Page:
Soon after 11- o'clock, a signal gun having been previously fired, the Sophia Jane loosed her moorings in Sydney Cove, and began her adventurous journey. The manner in which she threaded her way through the shipping, without any assistance whatever, filled every one with admiration. She crept in and out with the utmost exactness, as if she had   possessed all the attributes of a rational creature; and when fairly free from the Cove, her energies were allowed unlimited play, and away she went as on the wings of the wind. Her velocity was astounding. She actually flew through the water. The ordinary motion of a vessel leaving the harbour, compared with hers, was absolutely contemptible. Before the passengers well knew they had started, they found themselves abreast of Pinchgut Island; and ere they had digested this astonishment, they looked up, and, lo! they were in the very mouth of the Heads! Here a gun was fired, and Mr. Watson, the Pilot, came on board. Then away she dashed up Middle Harbour - crossing bars, skimming flats, and threading needles, in the finest style imaginable. She went about five or six miles inland. In many places, the harbour was so narrow as to resemble a mere canal. The scenery was beautiful, and was heightened by one of the most charming days earth ever saw. Having reached the utmost navigable point, she veered round, and again ploughed her way towards the Heads. At 2 o'clock the company were summoned to the mess-room, where they found a sumptuous cold collation, served up under the direction of Mr. Bax, of the Australian Hotel. Every luxury that could be devised was spread upon the hospitable table, garnished with the choicest champaign and other wines, ale, porter, &c. The passengers had scarcely seated themselves at table, when they became conscious of a very peculiar motion, the vessel rolling in the most regular and agreeable manner.; but supposing it to be only imaginary on their sitting down, for the first time, in the cabin, no particular notice was taken of it; but when the meal was finished, and they returned on deck, what was their astonishment to find themselves actually at sea - aye, rolling upon the wide ocean, the boundless expanse before them, and the Sydney Heads far behind! However, they greatly enjoyed the unexpected novelty of their situation, and while in the act of expressing their surprise, behold   the miraculous steamer was again rounding Bradley's Head, on the full wing for Sydney, with both wind and tide against her. She performed the trip from between the Heads to Fort Macquarie, a distance of full five miles, in 26 minutes and 42 seconds; the shortest period in which it was ever accomplished by a sailing ship, with wind and tide directly in favour, being 42 minutes.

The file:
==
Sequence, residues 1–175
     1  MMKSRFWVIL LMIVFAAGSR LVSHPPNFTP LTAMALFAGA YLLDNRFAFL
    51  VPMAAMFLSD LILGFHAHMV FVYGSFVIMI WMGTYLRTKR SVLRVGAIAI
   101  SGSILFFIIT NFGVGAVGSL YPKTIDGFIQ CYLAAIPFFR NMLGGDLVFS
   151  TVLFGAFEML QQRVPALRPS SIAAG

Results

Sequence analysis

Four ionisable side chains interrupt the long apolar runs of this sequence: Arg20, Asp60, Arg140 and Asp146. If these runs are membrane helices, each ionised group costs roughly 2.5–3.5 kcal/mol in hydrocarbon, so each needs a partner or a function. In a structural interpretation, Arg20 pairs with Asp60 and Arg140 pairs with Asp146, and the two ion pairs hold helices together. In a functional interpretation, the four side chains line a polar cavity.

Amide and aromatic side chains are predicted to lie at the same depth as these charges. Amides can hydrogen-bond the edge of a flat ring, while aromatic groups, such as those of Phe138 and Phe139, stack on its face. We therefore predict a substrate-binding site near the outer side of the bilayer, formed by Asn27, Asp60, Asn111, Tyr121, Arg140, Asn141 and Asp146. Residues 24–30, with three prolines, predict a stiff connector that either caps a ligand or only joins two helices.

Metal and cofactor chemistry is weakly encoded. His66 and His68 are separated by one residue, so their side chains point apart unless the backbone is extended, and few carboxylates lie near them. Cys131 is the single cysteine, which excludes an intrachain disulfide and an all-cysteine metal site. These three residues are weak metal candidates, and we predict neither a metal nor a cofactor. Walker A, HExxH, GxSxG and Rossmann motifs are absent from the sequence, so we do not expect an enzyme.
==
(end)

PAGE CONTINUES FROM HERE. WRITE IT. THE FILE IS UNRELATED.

Having honoured Sydney with a hasty glance, to assure the good folk that all was well, she shot past with the velocity of thought, directing her course to Kissing Point. Thither she had a delightful trip, and returned to Sydney, the distance being about 10 miles, in less than three quarters of an hour. Her progress, throughout the day, varied from 10 to 13 miles an hour.

The day was the most favourable that could be desired. Not a cloud obscured the sky; the sun shone in all its chastened splendour, and a gentle breeze from the westward served to refresh and invigorate the joyous passengers. Part of the band of the 39th regiment added, to the other delightful pleasures of the excursion, the charms of martial music.

Captain Biddulph acquitted himself in the handsomest manner. His duties, as the navigator of the vessel, were performed with the utmost zeal and discretion; while his polite assiduities for the comfort of his passengers were all that became a commander and a gentleman. Everything, in short, went off in the very best style. Not one blunder - not one mistake. All was order and precision.

The accommodations between decks are truly admirable. The state cabin is appropriated exclusively to the ladies. The fair sex are always entitled to the best, and certainly their claim is fully conceded on board the Sophia Jane, their apartment having every convenience they could desire, together with superb looking-glass panels, which reflect their charms with all the fidelity of truth.

The dining-room is a noble apartment, being arranged with the most ingenious regard to utility and comfort. But those who would fully appreciate this wonderful achievement of human skill and enterprise, must take a trip, and judge for themselves. Her first voyage to Newcastle will be performed this day, and we hope she will have abundance of passengers. She deserves well of the colony: may she receive that liberal share of public patronage and support of which she is so eminently worthy!